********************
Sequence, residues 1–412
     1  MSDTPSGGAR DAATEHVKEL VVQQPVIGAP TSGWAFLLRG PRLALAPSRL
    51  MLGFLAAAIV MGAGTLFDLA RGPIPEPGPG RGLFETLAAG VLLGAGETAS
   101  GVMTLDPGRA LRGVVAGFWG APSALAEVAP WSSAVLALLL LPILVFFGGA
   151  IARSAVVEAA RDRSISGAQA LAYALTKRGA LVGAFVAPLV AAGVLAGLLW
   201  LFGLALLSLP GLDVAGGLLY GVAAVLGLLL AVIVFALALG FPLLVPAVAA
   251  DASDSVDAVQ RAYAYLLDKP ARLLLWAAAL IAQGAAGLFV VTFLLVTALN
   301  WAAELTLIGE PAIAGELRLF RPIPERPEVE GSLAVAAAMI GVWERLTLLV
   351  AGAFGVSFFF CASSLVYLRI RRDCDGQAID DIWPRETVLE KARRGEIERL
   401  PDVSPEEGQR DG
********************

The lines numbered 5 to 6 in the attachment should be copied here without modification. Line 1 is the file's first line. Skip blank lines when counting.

   151  IARSAVVEAA RDRSISGAQA LAYALTKRGA LVGAFVAPLV AAGVLAGLLW
   201  LFGLALLSLP GLDVAGGLLY GVAAVLGLLL AVIVFALALG FPLLVPAVAA